A bid to break the deadlock is now under way at the Paris headquarters of Unesco…
Tyler will continue to blog from Paris but we are also pleased to be joined this week by our returning guest, Fabio Rojas.
I do one of these every time I go somewhere. I’ve held off on France out of fear of excess choice, but here goes:
French opera: Debussy’s Pelleas et Melisande is ravishing, try to find the old version conducted by Roger Desormiere. Messiaen’s St. Francis wins an honorable mention; my favorite piece of French music might be Messiaen’s Vingt Regards.
French restaurant: I’ve yet to get into Pierre Gagnaire, considered the world’s greatest restaurant by many. For quick notice, I’ve done well at the Michelin two-stars Savoy and Hotel Bristol, the latter is even open for Sunday lunch, a Parisian miracle.
French novel: Proust is the only writer who makes me laugh out loud.
French pianist: Yves Nat has done my favorite set of Beethoven sonatas. These recordings are brutally frank and direct, and deep like Schnabel, albeit with fewer wrong notes. Few aficionadoes know this box, but it stands as one of my desert island discs. Note that French pianists are underrated in general.
French artist: I find much by the Impressionists sickly sweet and overexposed. I’ll opt for Poussin (this one too), Seurat’s black and whites, and Cezanne watercolors. Right now I would rather look at Chavannes and Bouguereau than Renoir or Monet. As for the most underrated French artist, how about Delacroix? A few years ago some of his small canvases were selling for as little as $60,000.
French movies: If you don’t usually like French movies, you still should watch Robert Bresson’s A Man Escaped, Jean Pierre Melville’s Bob Le Flambeur (a big influence on John Woo, also try Le Samourai), and Theodor Dreyer’s Joan of Arc.
The libertarian in me thinks this amusing advert portrays a dystopia, but the economist in me sees the efficiency advantages. In the end I come down on the side of "screw efficiency, give me liberty!" But I am torn and fail to see the principles which will resolve my unease.
And how does this fit into social security reform? Andrew Samwick has the lowdown, with all the appropriate links.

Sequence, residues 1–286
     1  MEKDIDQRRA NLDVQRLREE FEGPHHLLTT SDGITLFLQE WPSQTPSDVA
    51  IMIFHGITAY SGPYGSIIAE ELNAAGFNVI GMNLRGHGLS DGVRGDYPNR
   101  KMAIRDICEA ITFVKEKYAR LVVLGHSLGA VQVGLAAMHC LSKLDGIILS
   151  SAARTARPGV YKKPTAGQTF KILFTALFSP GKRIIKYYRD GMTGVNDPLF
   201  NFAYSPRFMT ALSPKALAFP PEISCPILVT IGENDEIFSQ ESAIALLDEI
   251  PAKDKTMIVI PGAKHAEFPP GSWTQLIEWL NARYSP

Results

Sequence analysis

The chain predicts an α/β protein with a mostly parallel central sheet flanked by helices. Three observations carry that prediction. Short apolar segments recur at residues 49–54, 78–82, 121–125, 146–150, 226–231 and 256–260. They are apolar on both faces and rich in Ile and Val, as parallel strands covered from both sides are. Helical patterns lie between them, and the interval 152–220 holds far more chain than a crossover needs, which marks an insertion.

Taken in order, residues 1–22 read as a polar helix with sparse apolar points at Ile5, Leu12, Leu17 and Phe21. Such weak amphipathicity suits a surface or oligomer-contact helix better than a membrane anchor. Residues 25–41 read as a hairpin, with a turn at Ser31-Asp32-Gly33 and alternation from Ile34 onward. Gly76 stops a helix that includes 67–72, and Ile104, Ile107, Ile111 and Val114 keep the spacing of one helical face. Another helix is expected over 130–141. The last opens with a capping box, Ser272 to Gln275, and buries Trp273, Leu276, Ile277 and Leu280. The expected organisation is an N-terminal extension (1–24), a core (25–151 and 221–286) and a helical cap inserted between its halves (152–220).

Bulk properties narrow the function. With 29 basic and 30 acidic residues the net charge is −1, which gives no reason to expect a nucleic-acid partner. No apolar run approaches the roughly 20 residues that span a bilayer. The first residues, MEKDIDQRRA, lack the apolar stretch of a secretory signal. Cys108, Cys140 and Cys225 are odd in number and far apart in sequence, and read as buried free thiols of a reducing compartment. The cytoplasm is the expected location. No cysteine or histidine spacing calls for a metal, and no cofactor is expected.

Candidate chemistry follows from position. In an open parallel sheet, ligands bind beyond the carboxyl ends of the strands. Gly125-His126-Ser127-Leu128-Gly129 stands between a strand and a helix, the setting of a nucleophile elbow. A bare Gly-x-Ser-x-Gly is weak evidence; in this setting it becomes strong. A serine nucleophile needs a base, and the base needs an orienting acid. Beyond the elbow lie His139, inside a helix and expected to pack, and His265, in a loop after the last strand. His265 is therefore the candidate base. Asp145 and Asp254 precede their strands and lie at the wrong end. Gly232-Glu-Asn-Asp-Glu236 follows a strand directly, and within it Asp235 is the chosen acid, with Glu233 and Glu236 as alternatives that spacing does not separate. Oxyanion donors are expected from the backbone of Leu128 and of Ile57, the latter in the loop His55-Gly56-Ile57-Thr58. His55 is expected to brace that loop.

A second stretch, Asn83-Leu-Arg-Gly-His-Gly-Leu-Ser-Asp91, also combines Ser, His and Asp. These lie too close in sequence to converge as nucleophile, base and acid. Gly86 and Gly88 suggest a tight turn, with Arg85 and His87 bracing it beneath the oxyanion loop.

Their home lies further beneath sea level than Everest’s peak rises above it. And yet tiny organisms have been found living at the very bottom of the Pacific Ocean’s deepest trench, the remotest spot on the globe.
The microscopic organisms, called foraminifera, live in mud at the bottom of Challenger Deep in the Mariana Trench, almost 11 kilometres beneath the waves of the western Pacific Ocean. The pressure at this depth is a crushing 1,090 times that at the surface.
This recent story causes me to raise my prior ever so slightly…
Here is the Harvard account. I love his books, start with The Growth of Biological Thought: Diversity, Evolution, and Inheritance.
When I originally heard about First Contact, a trip offered by Woolford’s trekking company, Papua Adventures, I couldn’t believe he was really doing what he claimed to be doing. An easygoing American expat from Springfield, Missouri, who jokingly describes himself as a "hillbilly," Woolford marches into the jungle in search of uncontacted native tribes who have never seen outsiders–and who aren’t supposed to mind tourists barging into their lives. I had trouble buying the idea that, in the 21st century, there were still nomadic hunter-gatherers out there using stone tools and rubbing sticks together to start a fire. But there are, Woolford assured me. From his home in Ubud, Bali, he explained the strategy behind his First Contact trips.
"There are a handful of places in West Papua that are untouched–still Stone Age tribes, still cannibals," he said. "It’s just that a lot of people are too scared to go look for them."
Making contact with tribal people is a risky business–a simple flu could wipe them out. But Kelly Woolford insists that he’s mindful of such risks. "We don’t try [sic] to corrupt them," he says. "Five minutes is all we do."
For over half a century, kits have been sold that enable military history
buffs to assemble scale models of military ships, aircraft and vehicles. But
that era is coming to an end, as the manufacturers of the original equipment,
especially aircraft, are demanding high royalties (up to $40 per kit) from the
kit makers….Models of a company’s products are considered the
intellectual property of the owner of a vehicle design. Some intellectual
property lawyers have pointed out that many of these demands are on weak legal
ground, but the kit manufacturers are often small companies that cannot afford
years of litigation to settle this contention.
That’s from James Dunnigan. Dunnigan points to an ironic unintended consequence of this use of intellectual property law. To avoid the levies kit manufacturers are turning to items for which there is no royalty – items like aircraft from Nazi Germany.
Thanks to Cory Doctorow at BoingBoing for the pointer.
Virginia Postrel and Andrew Sullivan ask whether blogging interferes with one’s long-term projects and commitments, such as writing books.